It’s not always the people who have the most experience, who are the best. I get people from the film industry, with much experience saying: “I don’t have time for this. Why don’t you appoint me as boss?” They are not used to have a bottom-up system, where people come in with small schemes that can evolve.


‪It’s my way of working, and it is also a cultural issue. In France, they have a strict hierarchy and you have to listen to the boss. In the Netherlands, we are used to agree on things firstly and on getting my team on board. To motivate them we listen to them; try to adjust some things, to make sure everybody is happy. Unfortunately, that’s not always what works. Making everybody happy and making a good movie - it might not be the same thing.

We are experimenting with an open model, and open production where people can have a subscription and where they can get everything. Creative commons in a public domain. If you have the content in open access, you can copy everything and share it, of course.


Naturally, the copyright of digital property is an issue for whoever produces digital content. The trend has always been that people expect not to pay for internet content. Everything can be copied freely and shared. Ton Roosendaal believes that the only way to get a revenue stream is by providing added value.


People are thinking differently about music. At first, it was extremely valuable to have a record, or a CD. Then it became really valuable to have your mp3 player full of songs. Now it’s all disappearing. Now you get it all in streaming from music websites like Spotify. It doesn’t belong to you, but who cares? It was never yours anyway.

Of course, if the internet stops working that’s a bigger problem. Imagine if all the music that the Beatles made disappeared! Then, you start making music again…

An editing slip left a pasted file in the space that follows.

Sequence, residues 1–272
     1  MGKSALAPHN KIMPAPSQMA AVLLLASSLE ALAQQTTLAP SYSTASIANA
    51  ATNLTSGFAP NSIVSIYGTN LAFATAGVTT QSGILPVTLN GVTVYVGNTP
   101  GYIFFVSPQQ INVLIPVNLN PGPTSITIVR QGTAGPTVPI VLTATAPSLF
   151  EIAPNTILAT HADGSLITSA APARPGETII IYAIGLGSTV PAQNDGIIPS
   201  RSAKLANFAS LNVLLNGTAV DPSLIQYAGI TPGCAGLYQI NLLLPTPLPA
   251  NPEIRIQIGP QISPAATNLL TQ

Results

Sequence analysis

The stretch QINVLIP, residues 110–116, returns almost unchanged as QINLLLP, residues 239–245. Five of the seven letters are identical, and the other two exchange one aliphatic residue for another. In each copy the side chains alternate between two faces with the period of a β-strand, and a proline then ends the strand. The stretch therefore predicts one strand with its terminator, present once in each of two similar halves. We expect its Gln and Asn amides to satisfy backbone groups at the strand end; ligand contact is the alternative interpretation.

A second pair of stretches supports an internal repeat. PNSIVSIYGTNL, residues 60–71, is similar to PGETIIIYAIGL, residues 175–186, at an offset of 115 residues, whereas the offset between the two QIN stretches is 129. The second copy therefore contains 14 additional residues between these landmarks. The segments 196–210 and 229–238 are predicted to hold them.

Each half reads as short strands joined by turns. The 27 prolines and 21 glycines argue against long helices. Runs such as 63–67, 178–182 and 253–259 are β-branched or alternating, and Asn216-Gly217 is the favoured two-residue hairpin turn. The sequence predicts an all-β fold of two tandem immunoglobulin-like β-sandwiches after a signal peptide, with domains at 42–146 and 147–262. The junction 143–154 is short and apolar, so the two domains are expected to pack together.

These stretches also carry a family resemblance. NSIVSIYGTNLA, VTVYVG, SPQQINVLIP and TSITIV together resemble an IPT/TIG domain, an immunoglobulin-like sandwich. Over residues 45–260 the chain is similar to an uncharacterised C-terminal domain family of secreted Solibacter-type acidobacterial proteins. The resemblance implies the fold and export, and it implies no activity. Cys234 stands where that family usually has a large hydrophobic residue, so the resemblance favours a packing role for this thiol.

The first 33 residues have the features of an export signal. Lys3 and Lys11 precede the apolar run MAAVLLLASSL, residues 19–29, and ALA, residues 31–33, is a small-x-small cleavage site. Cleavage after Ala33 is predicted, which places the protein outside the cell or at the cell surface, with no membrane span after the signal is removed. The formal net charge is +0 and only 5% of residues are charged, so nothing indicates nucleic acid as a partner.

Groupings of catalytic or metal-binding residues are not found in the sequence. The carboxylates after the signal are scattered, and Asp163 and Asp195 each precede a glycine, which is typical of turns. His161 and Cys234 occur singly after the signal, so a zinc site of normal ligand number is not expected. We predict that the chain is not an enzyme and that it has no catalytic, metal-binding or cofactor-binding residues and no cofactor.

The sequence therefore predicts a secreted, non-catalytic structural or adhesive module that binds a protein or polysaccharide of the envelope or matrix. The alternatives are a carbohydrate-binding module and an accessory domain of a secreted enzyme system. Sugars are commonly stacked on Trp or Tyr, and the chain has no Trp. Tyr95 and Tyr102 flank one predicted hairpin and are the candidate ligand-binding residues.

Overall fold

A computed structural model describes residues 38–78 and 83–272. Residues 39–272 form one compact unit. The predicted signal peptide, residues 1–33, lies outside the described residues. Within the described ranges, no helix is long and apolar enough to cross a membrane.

Ton spoke to us about the ongoing problems with copyright models, which he feels should be re-assessed.

His opinion is that the value people can make in their creative expression has to be reconsidered. The value is not so much in the sharing of it, nor the fact that you can have a DVD. The value is in the moment it is created. Musicians should have been paid the moment they created music: and so they did. Nevertheless, he asks why would their grandchildren, and their great-grandchildren and so on, for the next two hundred years get paid for the same piece of work?


Copyright lasts for seventy years! It was extended because of the Beatles. The limit was fifty years, but in 2013, when it would be exactly fifty years since the Beatles made their first album, it was increased to seventy. That gave the Beatles twenty more years to make money! Otherwise, it would all be in the public domain. For me that doesn’t make sense. In the USA, they are trying to make it one hundred years after the death of an artist. It’s the ownership of an idea to the extreme.


In the case of little-known musicians and groups, Ton considers they do not benefit at all from copyright. In fact, he says they do not want to have ownership of an idea, preferring instead to have gigs to play and to get paid for it. They want a platform where they can share their music.  

‪ ‪ 

‪Imagine a journalist. Then, he or she could say: “Well, everything I write is my own and anyone who wants to read it has to pay for it.”

Then he says: “Oh, I would rather have a decent income from a magazine or a journal, or whoever pays my salary, and I get paid for what I write. But, what about next year? I will have to do something else. Then again, I will be paid for what I do.” What if you work on the streets, sweeping and cleaning, or if you worked in a restaurant or in a studio making animations? What right has the animator to say: “Well, I want to get paid for my animation, again and again”? But, the musician has the right?  You should pay the musicians for their time and that’s it.


‪This discussion brings us to the hot topic of copyright in science, or the issue of having to pay for most scientific papers.

According to Ton Roosendaal, some scientists are now kicking against that. They are starting to open their own publishing websites, from their universities and sharing their knowledge, and sharing their failures.


It’s a new trend I read about in a Dutch newspaper. It spoke about open access, and it was about Dutch universities saying that the current model is sometimes corrupted.

There have been scandals about scientists making up their results, by manipulating statistics. If you don’t publish you don’t count and you can only publish if you have a result. But if in your research the result is “no”, there is no correlation between chocolate and cancer, let’s say, nobody will publish it.


Roosendaal makes a very pertinent point here because, generally speaking, if scientific papers are not published, finance is not forthcoming. If you do not get financed, you cannot carry out the research.